Thursday, November 27, 2014

Madrid: A hit and a miss

The rest of our time in Madrid was principally taken up with visits to two more museums, one of which I very much enjoyed; the other, not. The one I liked was the Thyssen-Bornemisza, the name of which is impossible to remember/spell, but which is otherwise very good. Formerly a private collection (the mind boggles), it ranges across eight centuries of (mostly) European art.

My favourite work. I noted that this was by "Chasnyk", but I now have my doubts since a Google Image search for "Chasnyk artist" just brings up hundreds of pictures of fighting troll figurines

The rest of his oeuvre?

Jesus and Mary had a bad case of elephantiasis of the head. I have a story about that, but this is a family show 

Ghost foetuses!

Portrait after portrait of the Hapsburgs, and this was the only one which properly showed the famous "Hapsburg jaw" (I think Jules was quite glad because then I finally stopped going on about it)

A twin for my Belle Ferronière!

Death's totally copping a feel

This guy is right between Jesus and another guy on the cross, but it's still all about him. He's just so dandy!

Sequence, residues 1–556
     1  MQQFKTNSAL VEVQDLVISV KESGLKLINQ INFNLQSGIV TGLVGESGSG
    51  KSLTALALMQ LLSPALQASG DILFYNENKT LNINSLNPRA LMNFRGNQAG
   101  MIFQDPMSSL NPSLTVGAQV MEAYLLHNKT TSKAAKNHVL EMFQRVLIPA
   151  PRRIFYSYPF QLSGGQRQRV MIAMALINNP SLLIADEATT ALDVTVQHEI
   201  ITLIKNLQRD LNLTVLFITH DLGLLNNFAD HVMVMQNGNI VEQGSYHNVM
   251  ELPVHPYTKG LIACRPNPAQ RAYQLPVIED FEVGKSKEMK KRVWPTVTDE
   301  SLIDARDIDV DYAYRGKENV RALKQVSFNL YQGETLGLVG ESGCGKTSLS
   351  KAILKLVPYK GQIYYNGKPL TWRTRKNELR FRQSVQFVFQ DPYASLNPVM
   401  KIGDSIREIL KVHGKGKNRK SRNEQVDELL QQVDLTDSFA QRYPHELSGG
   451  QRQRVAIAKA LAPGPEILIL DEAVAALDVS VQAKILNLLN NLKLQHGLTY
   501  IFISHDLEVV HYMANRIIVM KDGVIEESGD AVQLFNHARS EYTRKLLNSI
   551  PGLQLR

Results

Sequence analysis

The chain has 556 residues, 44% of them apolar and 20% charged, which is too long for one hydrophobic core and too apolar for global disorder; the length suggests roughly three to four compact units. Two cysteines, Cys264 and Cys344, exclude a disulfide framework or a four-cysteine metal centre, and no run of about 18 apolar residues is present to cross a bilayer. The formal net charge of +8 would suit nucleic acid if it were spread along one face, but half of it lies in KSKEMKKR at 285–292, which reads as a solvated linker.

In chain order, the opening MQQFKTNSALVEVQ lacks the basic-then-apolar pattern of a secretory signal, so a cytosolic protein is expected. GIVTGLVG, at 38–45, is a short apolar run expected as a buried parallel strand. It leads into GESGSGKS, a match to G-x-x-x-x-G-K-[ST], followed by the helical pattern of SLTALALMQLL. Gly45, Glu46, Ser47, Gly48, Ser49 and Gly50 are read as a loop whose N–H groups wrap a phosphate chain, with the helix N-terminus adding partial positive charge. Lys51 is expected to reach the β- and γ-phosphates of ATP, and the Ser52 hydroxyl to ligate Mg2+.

After the TB museum, we grabbed some delicious churros and hot chocolate (as featured in a Buzzfeed list of the world's best hot chocolate that I conveniently happened to see while we were in Madrid) and walked to the other side of Madrid to check out an Egyptian temple recommended by my sister's colleague. Not a reconstruction of an Egyptian temple, but an actual temple dating from the second century BC. It was gifted by Egypt to Spain to say thank you for Spanish help to preserve the temples of Abu Simbel (which are probably more impressive than the temple they gave away, I'm guessing).

Hanging out on the Gran Via. This is actually from another day, I didn't change for the stroll

Not that it's not pretty, and in a nice location, but it's quite small

The view from nearby
The line was quite long, and understandably they don't let a ton of people in at once, so we didn't go inside, but it was cool to see anyway.

The abortion expo was closed when we walked past. Pity, I'd like to have found out how to go about feeding an oddly muscular-bummed baby to a crocodile

Stop, churro time! As you can see, you get a loooot of churros for your buck
On Sunday evening, we headed to Casa 9 restaurant, which had a ton of glowing reviews on TripAdvisor, was too busy to fit us in on Saturday night, and was well worth the trip. We enquired about the menu when booking, since my sister eats fish but not meat, and were told that they couldn't tell us what was on the menu since the chef went to the market each day to get fresh ingredients, but that there would be something she could eat. A special daily menu fresh from the market? Sign us up please!
"Cow ham"